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CNN BREAKING NEWS
Tony Blair to Undergo 'Routine Procedure' for Heart Flutter
Aired September 30, 2004 - 17:18 ET
THIS IS A RUSH TRANSCRIPT. THIS COPY MAY NOT BE IN ITS FINAL FORM AND MAY BE UPDATED.
WOLF BLITZER, CNN ANCHOR: We're following that breaking news story out of London. The prime minister of Great Britain, Tony Blair, about to undergo a heart procedure tomorrow. We just got a statement from a senior Bush administration official. The statement saying: "The prime minister is in our thoughts and prayers and we wish him the speediest of recoveries."
That statement from a senior Bush administration official. Tony Blair announcing just moments ago he will undergo treatment for what's being described as an irregular heartbeat.
(BEGIN VIDEO CLIP)
UNIDENTIFIED MALE: Sir, I understand you need some hospital treatment tomorrow. Why is that?
BLAIR: Well, it's this -- I think they call it an atrial flutter that I had last year. It recurred again in August. And actually, it doesn't stop me working. It's not really debilitating in any shape or format all, but this why I'm getting it fixed now. I'm going in for what they call a routine procedure tomorrow.
(END VIDEO CLIP)
BLITZER: Let's get some more insight into what the prime minister is about to undergo. For that we bring in our senior medical correspondent, Dr. Sanjay Gupta.
An atrial flutter, a routine procedure, is this routine, Sanjay?
DR. SANJAY GUPTA, CNN SR. MEDICAL CORRESPONDENT: It is fairly routine. People talk about two types of things, either atrial flutter or atrial fibrillation, atrial fibrillation is more common, atrial flutter a little less common.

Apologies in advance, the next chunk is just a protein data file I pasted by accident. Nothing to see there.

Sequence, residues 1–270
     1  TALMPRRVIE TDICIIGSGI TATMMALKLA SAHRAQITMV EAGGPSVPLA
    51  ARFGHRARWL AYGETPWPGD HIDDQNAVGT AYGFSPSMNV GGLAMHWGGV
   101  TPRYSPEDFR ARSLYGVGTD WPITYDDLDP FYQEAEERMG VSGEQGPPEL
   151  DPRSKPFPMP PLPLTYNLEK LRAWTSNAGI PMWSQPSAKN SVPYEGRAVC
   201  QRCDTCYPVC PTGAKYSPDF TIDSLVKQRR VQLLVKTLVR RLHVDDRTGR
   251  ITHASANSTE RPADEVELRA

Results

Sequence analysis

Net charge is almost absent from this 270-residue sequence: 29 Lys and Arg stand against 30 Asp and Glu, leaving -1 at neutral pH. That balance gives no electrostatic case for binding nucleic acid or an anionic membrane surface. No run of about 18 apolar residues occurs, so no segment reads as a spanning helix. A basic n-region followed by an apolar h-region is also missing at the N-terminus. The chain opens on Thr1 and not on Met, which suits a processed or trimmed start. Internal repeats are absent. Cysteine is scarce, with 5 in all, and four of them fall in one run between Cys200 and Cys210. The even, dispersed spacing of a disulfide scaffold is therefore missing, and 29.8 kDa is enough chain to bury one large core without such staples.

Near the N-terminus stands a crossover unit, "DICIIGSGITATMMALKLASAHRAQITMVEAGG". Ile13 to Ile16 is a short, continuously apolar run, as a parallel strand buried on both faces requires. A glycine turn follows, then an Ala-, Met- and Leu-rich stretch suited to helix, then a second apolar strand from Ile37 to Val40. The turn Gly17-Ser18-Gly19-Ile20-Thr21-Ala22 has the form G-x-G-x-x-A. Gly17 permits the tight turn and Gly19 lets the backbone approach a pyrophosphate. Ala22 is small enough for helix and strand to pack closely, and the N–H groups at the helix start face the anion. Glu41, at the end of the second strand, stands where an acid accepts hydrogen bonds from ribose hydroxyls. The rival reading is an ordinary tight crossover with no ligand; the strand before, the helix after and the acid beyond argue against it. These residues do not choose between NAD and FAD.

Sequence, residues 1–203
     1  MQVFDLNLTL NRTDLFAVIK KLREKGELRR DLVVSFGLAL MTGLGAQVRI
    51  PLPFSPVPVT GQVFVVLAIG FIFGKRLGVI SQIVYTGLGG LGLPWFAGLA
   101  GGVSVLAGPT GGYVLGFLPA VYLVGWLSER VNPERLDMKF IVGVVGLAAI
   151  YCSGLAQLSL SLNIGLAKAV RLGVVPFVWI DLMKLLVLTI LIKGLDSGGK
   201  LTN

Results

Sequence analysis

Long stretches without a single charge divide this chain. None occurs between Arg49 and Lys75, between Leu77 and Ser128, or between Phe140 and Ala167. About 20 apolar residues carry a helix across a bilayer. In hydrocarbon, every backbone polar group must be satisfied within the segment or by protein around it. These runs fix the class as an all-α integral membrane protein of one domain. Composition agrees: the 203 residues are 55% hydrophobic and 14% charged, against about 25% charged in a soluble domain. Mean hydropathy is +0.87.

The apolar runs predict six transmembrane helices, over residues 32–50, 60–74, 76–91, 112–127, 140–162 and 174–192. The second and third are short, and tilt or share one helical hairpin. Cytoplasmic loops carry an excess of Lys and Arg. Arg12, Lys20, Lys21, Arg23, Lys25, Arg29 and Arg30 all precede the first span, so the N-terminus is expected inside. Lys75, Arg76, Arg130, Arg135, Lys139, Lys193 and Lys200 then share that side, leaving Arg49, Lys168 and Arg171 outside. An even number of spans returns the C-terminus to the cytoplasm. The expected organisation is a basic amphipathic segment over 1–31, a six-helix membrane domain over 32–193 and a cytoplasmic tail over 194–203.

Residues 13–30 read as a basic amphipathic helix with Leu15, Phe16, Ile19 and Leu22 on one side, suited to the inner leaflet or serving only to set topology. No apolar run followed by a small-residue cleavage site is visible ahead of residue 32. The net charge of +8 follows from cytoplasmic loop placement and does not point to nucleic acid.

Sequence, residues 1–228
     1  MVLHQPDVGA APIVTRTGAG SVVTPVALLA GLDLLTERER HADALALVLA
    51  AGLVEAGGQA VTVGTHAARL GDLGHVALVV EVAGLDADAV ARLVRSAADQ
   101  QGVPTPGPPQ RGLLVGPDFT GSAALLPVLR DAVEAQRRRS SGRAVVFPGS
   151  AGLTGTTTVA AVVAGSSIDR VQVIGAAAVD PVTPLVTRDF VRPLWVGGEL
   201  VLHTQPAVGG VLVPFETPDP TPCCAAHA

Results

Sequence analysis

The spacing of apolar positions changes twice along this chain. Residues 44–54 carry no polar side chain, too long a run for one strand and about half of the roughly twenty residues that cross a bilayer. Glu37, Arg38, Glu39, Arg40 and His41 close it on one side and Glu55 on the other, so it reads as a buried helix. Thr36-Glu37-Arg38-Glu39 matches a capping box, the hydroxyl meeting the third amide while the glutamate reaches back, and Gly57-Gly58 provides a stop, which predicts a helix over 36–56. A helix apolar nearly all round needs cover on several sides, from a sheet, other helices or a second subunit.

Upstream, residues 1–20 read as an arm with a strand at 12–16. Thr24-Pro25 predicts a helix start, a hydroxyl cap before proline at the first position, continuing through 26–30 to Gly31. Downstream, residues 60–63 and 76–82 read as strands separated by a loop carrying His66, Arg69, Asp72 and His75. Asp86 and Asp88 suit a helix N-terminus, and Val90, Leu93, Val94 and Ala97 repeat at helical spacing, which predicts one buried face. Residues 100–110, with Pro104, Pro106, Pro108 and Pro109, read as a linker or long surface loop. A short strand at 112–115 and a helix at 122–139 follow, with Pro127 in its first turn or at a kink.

Typically what happens in this sort of case, Wolf, and what happened to the prime minister last year was it actually shocked the heart. Think of the heart as a big electrical muscle. Sometimes the electrical conductions don't work quite right. You shock it back into place. That's typically what happens in this sort of situation -- Wolf.
BLITZER: And how long does the procedure take? How invasive is it?
GUPTA: Well, you know, it's a little bit hard to figure out exactly what procedure he's talking about, but what it sounds like he's going to have, from he had last year involves basically giving him a little medication to make him sleepy. That could take 20, 30 minutes, and then actually performing the shocking of the heart.
So it's actually putting some paddles on the chest, creating a little bit of a shock there and then allowing him to wake up slowly. The whole procedure is a couple of hours. Patients typically go home either the same day or the next morning, kept in the hospital just for observation -- Wolf.
BLITZER: Is it usually, though, a symptom potentially down the road, and we hope this is not the case, of some more serious heart problem.
GUPTA: Untreated it can be. And that's why they treat this sort of condition. Sometimes it can be treated with medication. You just give medication to sort of slow down the heart. A normal heart rate is typically 60 to 100 beats a minute. When you're an atrial flutter, sometimes those heart rates can go up to a couple of hundred beats per minute even. You slow that down. If you don't slow it down that could be problematic, putting too much strain on the heart possibly causing a heart attack down the road.
So if it's treated he should be just fine -- Wolf.
BLITZER: Let's hope he is. Thanks very much, Dr. Sanjay Gupta, giving us some perspective. The breaking news we've been reporting since the top of the show. The British Prime Minister Tony Blair will undergo this heart procedure tomorrow. He hopes to be back at work by Monday.
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